Hardware's soft answer

Why wait for hardware to get embedded software development underway?

The problem with embedded software development is that you need the hardware on which the code will run to be able to get the job done. Unfortunately, once they get the hardware, equipment builders are running out of time to get the software finished before the units have to ship to customers, now that some electronic products are on the shelves for less than 12 months. This does not sit well with a development lifecycle that can take years.

There are ways to bring development time down. Toshiba took months off its chip-delivery schedule by writing and testing software in parallel with hardware development. Previously, the company would spend more than three months ironing out bugs in the software after the silicon was delivered. By doing much more in parallel, that time was cut to around 40 days.

But how do you run software on hardware that does not actually exist? The answer is to simulate it. Simulation does not, in itself, shave any time off development. But it does make it possible to do more work in parallel with the hardware design -  or even before it. Customers have to have a high degree of confidence in their silicon supplier to ship on time, but they can get access to a description so detailed before the chip hits the fab that the final software can be ready days after the first samples have been packaged.

Mark Burton, head of GreenSocs, a developer of interface protocols for system-level design tools, says: "Every tool vendor will show you how, if you can start software engineering earlier, in parallel with the hardware activity, you will complete your project sooner."

Simulation has become more attractive recently because software itself has become the key to differentiation rather than a specific hardware circuit lying in a chip. Jeroen Leijtens, chief technology officer of Silicon Hive, a supplier of programmable signal processors, says: "In high-end TVs, the manufacturers have a problem in that they have to turn new sets every six months. But they ship in such low volumes that a hardware chip solution doesn't make money anymore.

"They are happy to have the same platform as their competitors because they can differentiate based on algorithms. The tier-one suppliers want to implement in such a way that they can focus on intellectual propery (IP) - the algorithms, not just the design of a chip."

But they do need time to turn those algorithms into software. On subsequent generations of a product, you have the luxury of waiting for the silicon. In the first go-around, software engineers will increasingly have to deal with models.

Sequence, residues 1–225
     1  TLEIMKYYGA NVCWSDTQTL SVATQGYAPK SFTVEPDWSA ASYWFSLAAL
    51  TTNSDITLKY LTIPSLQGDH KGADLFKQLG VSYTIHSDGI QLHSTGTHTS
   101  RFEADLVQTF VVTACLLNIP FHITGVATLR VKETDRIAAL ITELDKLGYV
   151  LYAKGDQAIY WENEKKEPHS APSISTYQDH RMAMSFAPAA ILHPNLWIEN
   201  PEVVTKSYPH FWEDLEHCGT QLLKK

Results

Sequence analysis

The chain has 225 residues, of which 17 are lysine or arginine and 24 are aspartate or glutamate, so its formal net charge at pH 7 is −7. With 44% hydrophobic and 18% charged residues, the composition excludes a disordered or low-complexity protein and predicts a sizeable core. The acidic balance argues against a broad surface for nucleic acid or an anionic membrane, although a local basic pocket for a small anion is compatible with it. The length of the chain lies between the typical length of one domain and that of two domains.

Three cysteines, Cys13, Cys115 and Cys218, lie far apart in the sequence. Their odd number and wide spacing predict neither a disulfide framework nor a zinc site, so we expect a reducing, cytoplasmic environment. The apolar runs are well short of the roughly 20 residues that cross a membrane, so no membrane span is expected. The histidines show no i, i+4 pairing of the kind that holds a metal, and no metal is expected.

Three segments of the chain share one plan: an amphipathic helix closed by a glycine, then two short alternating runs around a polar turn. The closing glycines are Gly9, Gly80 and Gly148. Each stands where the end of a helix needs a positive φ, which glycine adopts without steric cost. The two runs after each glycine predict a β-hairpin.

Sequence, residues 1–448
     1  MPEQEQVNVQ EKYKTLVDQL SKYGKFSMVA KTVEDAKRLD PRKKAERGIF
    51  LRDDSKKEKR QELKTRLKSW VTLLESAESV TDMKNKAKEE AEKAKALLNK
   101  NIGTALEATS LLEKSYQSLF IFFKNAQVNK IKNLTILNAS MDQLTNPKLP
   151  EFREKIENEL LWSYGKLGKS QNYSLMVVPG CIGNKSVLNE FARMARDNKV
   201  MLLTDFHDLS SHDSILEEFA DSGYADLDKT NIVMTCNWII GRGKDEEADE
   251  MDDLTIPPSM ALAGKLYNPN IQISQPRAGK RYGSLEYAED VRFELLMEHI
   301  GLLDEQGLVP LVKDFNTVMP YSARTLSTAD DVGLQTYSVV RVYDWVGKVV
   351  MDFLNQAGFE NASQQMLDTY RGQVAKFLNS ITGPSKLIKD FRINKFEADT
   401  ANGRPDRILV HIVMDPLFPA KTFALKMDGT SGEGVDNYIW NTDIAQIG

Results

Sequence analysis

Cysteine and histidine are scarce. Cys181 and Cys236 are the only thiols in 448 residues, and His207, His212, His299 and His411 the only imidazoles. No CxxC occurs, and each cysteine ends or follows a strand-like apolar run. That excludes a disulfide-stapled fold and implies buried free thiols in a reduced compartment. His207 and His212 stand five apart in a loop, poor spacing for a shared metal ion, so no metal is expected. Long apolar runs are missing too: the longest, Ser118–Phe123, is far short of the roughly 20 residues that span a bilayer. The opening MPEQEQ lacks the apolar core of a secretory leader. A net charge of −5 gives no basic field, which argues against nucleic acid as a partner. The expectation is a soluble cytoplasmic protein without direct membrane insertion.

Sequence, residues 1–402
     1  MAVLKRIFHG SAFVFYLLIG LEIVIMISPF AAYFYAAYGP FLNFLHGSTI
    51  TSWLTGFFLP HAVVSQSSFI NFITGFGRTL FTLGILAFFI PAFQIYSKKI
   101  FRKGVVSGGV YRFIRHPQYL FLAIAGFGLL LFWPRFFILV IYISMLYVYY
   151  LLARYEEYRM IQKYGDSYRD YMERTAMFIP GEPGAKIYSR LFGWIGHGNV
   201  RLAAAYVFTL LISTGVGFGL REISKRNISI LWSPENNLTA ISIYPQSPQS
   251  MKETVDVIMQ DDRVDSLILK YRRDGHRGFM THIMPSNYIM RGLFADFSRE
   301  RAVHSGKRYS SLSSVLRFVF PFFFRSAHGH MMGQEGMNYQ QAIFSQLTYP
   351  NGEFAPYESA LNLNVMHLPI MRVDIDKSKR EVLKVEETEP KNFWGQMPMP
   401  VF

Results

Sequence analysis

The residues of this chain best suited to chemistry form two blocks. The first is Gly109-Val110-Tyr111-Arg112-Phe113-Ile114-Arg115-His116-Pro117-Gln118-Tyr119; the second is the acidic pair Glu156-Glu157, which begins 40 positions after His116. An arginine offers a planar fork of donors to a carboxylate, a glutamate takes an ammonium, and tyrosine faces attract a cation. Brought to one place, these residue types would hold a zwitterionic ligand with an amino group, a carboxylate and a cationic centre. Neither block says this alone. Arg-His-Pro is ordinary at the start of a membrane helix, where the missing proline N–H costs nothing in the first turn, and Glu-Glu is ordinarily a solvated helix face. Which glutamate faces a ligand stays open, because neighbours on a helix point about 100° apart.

Virtual platforms

STMicroelectronics has been delivering simulations of its software-programmable chips for several years. Speaking last year at the Design Automation Conference (DAC) in San Diego, Laurent Maillet-Contoz said modelling has proved very useful: "We can deliver an implementation platform to every software developer. And it is also useful for technical marketing: we can ship virtual platforms to customers."

Although some companies have been moving towards virtual platforms for software development for several years, Marc Serughetti, vice president of marketing at Coware, claims that many more are likely to go down that road. "We are seeing this in the wider business of our customers. We think we are at an inflexion point between proof of concept and moving more into production. What people have been mostly doing is low-level firmware development. We are seeing an extension where it covers application integration."

Burton notes that there are several advantages for software developers outside the chipmakers - and who will have little direct contact with the silicon designers - to start using simulations. "Until now, the focus has been on modelling the hardware as accurately as possible: the intention being to provide the software engineer with as close an environment as possible to the real hardware.

"However," Burton continues, "this misses three crucial areas where the productivity of both software and hardware engineers can be increased. First, a model can deliver far greater visibility of hardware components compared with the real hardware. A software engineer can take advantage of this both in terms of debug and in terms of tuning their code.

"Second, a model stresses the software. This is a hugely underused feature. Typically, because the investment in software for systems companies is so high, a software product may live through several generations of hardware platform."

ARM's latest release of its RealView Professional suite is aimed at software developers working on applications where the hardware is not ready. "This allows you to tune the software before you make the commitment to RTL," says Rod Crawford, ARM's product manager for RealView in north America.